Writing a Curriculum Vitae (CV) 1/
“If I had six hours to chop down a tree,
I’d spend the first four hours sharpening the axe.” – Abraham Lincoln
On BaliJobs.com jobseekers can post a copy of their CV (curriculum vitae) on-line to allow easy access and quick reply. Employers and recruiters having an active account can, if you allow, read your CV and perhaps contact you. With that in mind everyone actively job seeker should have an updated CV ready at all times.
Ok, you’re thinking that makes sense but what makes CV stand out? A few days ago we posted an article on what to do and not to do when interviewing for a job. All well and good but if your CV doesn’t stand out or at least convey the correct message you won’t be having the interview.
By now you might be wondering why am I reading this? Fair question; we’re writing this not because we are experts or trained career professionals, but rather a small company that has received hundreds upon hundreds of CVs over the course of 17 years (and many more working for large corporations). And being small makes it imperative to find the right individual for a position. This is not about getting a job, but getting the best job possible.
The other reason we’re doing this is a bit self serving. When you register as a job seeker your dashboard will provide you with an interface to upload your CV. There are several fields to fill out. This post (and the ones that follow) will help you do this better, and will help the site by improving the consistency of the formatting making it easier and more efficient for employers to review CVs that are pertinent to their vacancy. And trust us the last thing any employer wants to do is sift through 30-40 CVs only to find just 2-3 individuals to interview. Win, win, win.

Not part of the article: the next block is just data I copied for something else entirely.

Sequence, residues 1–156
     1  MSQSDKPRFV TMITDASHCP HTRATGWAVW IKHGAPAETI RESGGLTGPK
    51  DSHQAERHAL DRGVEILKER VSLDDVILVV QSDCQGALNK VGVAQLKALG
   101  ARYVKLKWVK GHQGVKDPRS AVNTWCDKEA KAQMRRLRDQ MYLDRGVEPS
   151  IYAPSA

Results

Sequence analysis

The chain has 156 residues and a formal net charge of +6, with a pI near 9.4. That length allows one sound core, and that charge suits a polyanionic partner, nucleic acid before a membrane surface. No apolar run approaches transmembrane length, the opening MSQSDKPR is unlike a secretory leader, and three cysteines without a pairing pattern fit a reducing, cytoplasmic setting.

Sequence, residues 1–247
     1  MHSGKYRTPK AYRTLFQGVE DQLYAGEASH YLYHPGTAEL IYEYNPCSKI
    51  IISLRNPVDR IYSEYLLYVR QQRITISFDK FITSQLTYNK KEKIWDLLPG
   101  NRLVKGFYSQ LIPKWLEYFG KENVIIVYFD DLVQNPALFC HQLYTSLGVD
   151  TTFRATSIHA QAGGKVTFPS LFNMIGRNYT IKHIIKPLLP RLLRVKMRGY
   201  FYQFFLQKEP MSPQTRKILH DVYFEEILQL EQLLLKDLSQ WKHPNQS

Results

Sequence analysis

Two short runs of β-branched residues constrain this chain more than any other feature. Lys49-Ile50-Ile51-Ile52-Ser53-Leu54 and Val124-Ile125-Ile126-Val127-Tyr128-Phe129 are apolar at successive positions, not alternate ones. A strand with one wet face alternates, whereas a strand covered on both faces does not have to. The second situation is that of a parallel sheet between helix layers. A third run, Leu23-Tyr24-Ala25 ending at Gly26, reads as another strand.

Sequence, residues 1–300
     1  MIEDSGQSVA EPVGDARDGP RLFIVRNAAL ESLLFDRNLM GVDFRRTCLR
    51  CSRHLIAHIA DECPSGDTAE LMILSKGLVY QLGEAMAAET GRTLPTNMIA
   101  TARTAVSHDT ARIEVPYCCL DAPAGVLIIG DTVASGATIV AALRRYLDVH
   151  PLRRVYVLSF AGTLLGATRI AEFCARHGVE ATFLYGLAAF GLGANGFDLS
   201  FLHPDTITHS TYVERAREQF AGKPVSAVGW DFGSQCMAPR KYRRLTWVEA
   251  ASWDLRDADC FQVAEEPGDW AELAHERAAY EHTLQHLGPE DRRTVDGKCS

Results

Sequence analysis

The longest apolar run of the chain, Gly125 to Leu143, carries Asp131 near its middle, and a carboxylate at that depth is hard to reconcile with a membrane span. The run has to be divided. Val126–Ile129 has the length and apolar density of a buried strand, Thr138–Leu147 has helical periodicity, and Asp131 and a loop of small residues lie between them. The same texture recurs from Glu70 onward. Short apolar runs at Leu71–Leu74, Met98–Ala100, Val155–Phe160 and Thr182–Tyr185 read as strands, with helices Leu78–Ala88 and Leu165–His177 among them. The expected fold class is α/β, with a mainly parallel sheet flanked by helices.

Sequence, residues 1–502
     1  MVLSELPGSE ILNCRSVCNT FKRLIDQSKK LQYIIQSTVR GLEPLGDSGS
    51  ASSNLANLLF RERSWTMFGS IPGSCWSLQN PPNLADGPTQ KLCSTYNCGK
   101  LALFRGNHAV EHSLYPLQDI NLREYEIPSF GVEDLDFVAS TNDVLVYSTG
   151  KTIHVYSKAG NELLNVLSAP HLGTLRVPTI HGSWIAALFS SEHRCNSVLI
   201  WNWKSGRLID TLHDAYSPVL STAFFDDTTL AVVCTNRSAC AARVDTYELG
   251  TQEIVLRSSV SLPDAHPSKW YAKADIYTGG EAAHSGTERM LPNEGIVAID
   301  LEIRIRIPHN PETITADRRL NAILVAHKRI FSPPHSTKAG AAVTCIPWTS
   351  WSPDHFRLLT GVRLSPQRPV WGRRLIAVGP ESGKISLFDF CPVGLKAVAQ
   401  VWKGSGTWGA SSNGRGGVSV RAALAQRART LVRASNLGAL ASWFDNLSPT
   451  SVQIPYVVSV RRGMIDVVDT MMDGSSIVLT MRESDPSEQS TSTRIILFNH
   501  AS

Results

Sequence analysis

So let’s get started… The good news is that there is no one way to write a CV, meaning that there is a lot of leeway, everyone is unique and a CV should reflect that – up to a point. That doesn’t mean you can write whatever you want it just means what works for your friend may not work for you – especially if he/she is in web design and you work in hotels. Your CV needs to be appropriate to your situation and the job you are seeking.
That said you need to know what is the purpose of a CV – what a CV is and what a CV is not. First, let’s start with what a CV is NOT. A CV is not a chronological list of schools attended and past jobs. Yes, some of that info will be included but it is not the point of writing a CV. If your CV is written as just your personal school and job history it will quickly become boring and most likely forgettable.
So what is the purpose of a CV? A CV is a personal marketing tool. The purpose of a CV is to impress a company such that you 1. get an interview and 2. present yourself as desirable (higher pay). No interview, no job – it’s as simple as that. A good resume tells an employer what benefit they will receive by hiring you. Same as a toothpaste ad on TV, buy brand x get whiter teeth, buy brand y get fresher breath. Your CV needs to be well formatted and present you as a benefit and error free. Whilst most bilingual employers understand grammatical errors (heck, even we make them in English) there is no excuse for spelling errors or sloppy formatting.
As well a CV is also a way to communicate how you can be contacted. Over the years we’ve received more than a few resumes that don’t have a contact number – and an indication of a good time to call – or the contact is outdated or mentioned somewhere in the cover email. Circular file they go.
Finally just by writing a CV it can help you clarify your employment and career objectives. That is why you should take time before submitting your CV on-line.
With all that said, are you now ready to have a go at writing a CV that will get you noticed? If so, get ready we’ll cover that in part two. (To be continued…)
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